Quotes and Analysis
They carried the soldier’s greatest fear, which was the fear of blushing. Men killed, and died, because they were embarrassed not to. It was what had brought them to the war in the first place, nothing positive, no dreams of glory or honor, just to avoid the blush of dishonor. They died so as not to die of embarrassment.
Taken from the first story “The Things they Carried” is a part of a much longer passage about the emotional burdens expressed by men who are at risk of death. O’Brien argues that self-possessed fear of cowardice is a common secret against the solders of war. He deflates the idea that men go to war to become heroes, instead stating that they go because they are forced to and because refusing means they are cowards.
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By telling stories, you objectify your own experience. You separate it from yourself. You pin down certain truths. You make up others. You start sometimes with an incident that truly happened, like the night in the shit field, and you carry it forward by inventing incidents that did not in fact occur but that nonetheless help to clarify and explain.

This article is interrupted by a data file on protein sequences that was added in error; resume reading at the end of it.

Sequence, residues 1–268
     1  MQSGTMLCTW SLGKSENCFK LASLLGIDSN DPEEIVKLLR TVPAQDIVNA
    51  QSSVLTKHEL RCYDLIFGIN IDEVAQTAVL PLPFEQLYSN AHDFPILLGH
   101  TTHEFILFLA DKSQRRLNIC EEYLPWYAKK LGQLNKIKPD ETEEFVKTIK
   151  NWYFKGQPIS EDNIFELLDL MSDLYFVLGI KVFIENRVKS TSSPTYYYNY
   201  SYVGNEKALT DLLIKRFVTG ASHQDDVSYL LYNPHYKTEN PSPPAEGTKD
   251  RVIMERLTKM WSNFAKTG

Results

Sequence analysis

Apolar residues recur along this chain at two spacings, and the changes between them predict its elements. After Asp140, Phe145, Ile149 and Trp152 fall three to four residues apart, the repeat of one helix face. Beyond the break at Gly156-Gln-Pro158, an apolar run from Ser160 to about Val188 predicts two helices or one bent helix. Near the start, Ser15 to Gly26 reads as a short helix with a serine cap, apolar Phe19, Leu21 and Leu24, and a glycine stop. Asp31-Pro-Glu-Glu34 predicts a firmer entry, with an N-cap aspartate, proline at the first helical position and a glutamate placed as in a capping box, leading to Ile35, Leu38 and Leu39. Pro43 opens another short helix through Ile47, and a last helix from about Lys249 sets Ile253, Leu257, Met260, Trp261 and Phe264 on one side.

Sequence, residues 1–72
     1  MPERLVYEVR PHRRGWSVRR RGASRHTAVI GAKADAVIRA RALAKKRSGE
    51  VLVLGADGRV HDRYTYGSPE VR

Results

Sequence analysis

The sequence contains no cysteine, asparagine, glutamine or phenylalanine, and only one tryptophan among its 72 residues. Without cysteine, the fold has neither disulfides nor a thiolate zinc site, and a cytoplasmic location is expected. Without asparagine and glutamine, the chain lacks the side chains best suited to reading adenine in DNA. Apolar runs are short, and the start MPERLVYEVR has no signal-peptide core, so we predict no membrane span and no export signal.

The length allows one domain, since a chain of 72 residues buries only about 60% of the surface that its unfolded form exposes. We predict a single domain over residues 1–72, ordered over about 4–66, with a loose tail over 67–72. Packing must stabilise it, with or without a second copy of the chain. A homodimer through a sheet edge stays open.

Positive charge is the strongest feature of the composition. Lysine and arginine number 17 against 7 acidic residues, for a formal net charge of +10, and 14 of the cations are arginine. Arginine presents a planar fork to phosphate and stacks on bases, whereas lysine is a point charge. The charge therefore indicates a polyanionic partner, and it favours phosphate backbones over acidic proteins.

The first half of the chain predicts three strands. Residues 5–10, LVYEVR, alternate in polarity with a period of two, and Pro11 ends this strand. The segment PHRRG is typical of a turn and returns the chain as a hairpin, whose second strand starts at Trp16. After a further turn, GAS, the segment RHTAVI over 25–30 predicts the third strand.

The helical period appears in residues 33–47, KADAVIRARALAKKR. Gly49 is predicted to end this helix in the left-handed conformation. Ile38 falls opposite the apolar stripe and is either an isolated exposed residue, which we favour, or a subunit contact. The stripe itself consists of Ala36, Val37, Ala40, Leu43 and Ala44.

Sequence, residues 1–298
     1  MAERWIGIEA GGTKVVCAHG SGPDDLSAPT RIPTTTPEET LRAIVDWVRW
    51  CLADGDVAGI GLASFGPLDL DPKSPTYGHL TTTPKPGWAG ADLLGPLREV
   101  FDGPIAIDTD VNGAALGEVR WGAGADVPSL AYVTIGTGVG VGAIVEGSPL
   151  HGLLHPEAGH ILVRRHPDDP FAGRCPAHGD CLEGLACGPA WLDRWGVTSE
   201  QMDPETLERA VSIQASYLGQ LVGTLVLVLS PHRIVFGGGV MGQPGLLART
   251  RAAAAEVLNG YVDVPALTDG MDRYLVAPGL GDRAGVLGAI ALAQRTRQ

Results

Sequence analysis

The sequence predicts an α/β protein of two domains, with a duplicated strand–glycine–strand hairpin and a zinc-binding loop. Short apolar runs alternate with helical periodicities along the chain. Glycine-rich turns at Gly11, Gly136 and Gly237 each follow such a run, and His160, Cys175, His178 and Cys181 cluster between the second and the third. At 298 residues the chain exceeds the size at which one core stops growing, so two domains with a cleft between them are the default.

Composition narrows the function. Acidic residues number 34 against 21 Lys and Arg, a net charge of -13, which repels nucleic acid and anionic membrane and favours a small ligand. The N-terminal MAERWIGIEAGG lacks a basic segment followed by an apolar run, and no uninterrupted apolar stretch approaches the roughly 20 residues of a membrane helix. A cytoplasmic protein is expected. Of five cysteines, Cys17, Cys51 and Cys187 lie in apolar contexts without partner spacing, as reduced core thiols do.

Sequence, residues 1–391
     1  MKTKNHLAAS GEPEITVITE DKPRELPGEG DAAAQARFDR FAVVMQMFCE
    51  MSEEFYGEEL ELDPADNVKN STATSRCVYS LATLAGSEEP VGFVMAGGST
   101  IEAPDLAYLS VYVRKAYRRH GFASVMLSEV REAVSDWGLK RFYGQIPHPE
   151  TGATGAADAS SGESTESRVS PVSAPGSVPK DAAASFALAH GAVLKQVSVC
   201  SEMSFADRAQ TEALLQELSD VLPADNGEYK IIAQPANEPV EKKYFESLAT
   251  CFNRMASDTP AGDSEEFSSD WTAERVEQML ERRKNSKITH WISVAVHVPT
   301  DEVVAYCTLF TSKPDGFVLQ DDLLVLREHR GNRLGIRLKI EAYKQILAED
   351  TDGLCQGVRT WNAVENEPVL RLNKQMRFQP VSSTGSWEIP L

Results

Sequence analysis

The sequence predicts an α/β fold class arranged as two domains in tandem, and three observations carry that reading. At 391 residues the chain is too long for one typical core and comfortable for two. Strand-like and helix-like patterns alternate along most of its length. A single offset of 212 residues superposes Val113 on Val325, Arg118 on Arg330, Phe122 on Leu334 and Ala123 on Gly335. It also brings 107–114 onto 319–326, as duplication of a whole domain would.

This quote is taken from “Notes”, a story written about O’Brien’s efforts to dispel the guilt that Norman Bowker feels about the death of Kiowa and is feelings of worthlessness after the war ends. O’Brien takes into consideration his own storytelling after he receives a letter written by Bowker asking for a story, because he wants to be able to better explain the way he his feeling but is unable to find the words.
I’d come to this war a quiet, thoughtful sort of person, a college grad, Phi Beta Kappa and summa cum laude, all the credentials, but after seven months in the bush I realize that those high, civilized trappings had somehow been crushed under the weight of the simple day realities, I’d turned mean inside.
In “Ghost Soldiers” when O’Brien attempts to get revenge on Bobby Jorgenson for failing to treat him competently, he concedes that he is behaving illogically. Despite is having been difficult for him to admit, after having spent enough time in Vietnam, O’Brien realizes that he is, in fact, capable of evil. The only way for him to deal with having been hurt is to hurt someone back in return.
Sometimes I can even see Timmy skating with Linda under the yellow floodlights. I’m young and happy. I’ll never die. I’m skimming across the surface of my own history, moving fast, riding the melt beneath the blades, doing loops and spins, and when I take a high leap into the dark and come down thirty years later, I realize it is as Tim trying to save Timmy’s life with a story.
In “The Lives of the the Dead” O’Brien furthers the scope of his work by contrasting his very first encounter with death as a soldier with his first real encounter with death when, his 9 year old friend Linda died from a brain tumor. In this specific quote, O’Brien explains how recollections and storytelling are essential for providing comfort during times of mourning and how they have helped him to cope with his pain.